The Peekaboo drill is shooting from behind a piece of cover and alternating between standing and kneeling. This allows shooters to practice standing and kneeling shooting as well as off-hand shooting. Running through the Peekaboo drill is a pretty straightforward procedure but keep in mind this is also the same drill the police officer I talked about earlier injured himself so it’s still challenging enough for people to make mistakes in.
It’s important to keep in mind that you should be as safe as possible with your firearm even though you’re pushing your limits. When you’re going outside your comfort zone, it’s important to remain in control and not push yourself to the point where you’re rushing just to rush. It may seem basic, but trust me, I’ve seen my fair share of shooters lose control and either miss shots or injure themselves. If you plan on pushing yourself with certain drills, it’s important to know your limitations and work on slowly pushing yourself rather than jumping in head first and overwhelming yourself.
There are plenty of ways to push your skills and work through drills safely while using less ammo. I get ammo may be hard to get and rather expensive but if you decide to carry a firearm, you should feel obligated to continuously work on yourself. You will be liable for every shot you take which should motivate you to work on skills regardless of how much ammo costs. I’m curious what you guys have been doing to stay sharp during the ammo crunch.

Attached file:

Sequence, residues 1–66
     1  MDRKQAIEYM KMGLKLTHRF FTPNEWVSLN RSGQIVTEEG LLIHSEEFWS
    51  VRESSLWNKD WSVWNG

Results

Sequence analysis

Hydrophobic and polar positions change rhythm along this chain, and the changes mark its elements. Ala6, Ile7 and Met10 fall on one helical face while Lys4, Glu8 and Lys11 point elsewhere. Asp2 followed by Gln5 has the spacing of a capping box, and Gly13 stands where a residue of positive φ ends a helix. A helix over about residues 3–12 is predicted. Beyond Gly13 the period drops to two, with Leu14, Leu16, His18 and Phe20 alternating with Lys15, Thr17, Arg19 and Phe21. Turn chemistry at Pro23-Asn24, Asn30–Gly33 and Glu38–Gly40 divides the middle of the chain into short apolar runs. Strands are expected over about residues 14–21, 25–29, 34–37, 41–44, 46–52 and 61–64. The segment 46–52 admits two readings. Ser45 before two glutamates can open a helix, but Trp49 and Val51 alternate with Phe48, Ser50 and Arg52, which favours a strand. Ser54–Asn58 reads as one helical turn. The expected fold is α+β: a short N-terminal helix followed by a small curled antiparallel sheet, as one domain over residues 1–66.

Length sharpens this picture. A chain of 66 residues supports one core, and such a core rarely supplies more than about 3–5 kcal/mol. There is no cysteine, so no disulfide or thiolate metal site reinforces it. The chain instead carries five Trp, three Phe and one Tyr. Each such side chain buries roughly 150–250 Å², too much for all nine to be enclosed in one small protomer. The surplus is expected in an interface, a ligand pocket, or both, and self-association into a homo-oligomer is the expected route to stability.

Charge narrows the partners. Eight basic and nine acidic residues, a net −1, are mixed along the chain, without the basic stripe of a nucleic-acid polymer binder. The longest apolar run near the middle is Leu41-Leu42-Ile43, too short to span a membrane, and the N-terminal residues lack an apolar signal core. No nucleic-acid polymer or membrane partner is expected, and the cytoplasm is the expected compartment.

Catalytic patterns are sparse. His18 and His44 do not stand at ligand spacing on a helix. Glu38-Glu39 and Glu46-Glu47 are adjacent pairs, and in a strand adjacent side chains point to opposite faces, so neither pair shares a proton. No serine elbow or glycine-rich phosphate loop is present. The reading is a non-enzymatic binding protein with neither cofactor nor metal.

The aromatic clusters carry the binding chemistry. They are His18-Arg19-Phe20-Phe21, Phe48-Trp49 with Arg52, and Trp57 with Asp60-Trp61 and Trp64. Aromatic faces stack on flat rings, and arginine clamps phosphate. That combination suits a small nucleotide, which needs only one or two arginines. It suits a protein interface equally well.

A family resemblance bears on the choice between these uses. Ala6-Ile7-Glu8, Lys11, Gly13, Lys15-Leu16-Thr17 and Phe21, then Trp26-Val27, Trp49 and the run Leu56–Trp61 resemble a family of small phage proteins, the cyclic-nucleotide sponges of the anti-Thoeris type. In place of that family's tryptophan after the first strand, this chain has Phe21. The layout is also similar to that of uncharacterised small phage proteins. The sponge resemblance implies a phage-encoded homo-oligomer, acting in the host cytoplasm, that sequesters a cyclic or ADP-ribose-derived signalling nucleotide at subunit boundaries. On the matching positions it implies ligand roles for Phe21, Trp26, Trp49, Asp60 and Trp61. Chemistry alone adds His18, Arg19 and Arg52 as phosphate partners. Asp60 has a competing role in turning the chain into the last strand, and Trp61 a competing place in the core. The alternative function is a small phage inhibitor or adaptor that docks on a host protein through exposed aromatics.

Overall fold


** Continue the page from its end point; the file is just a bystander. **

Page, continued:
Do you guys still train or have you decided to take a break with ammo being as expensive as has been? Let me know in the comments below and start sharing your favorite drills if you have any. If you have any questions about carrying concealed or just have any firearm-related questions in general, feel free to shoot me a message on Instagram @fridgeoperator. Stay safe out there.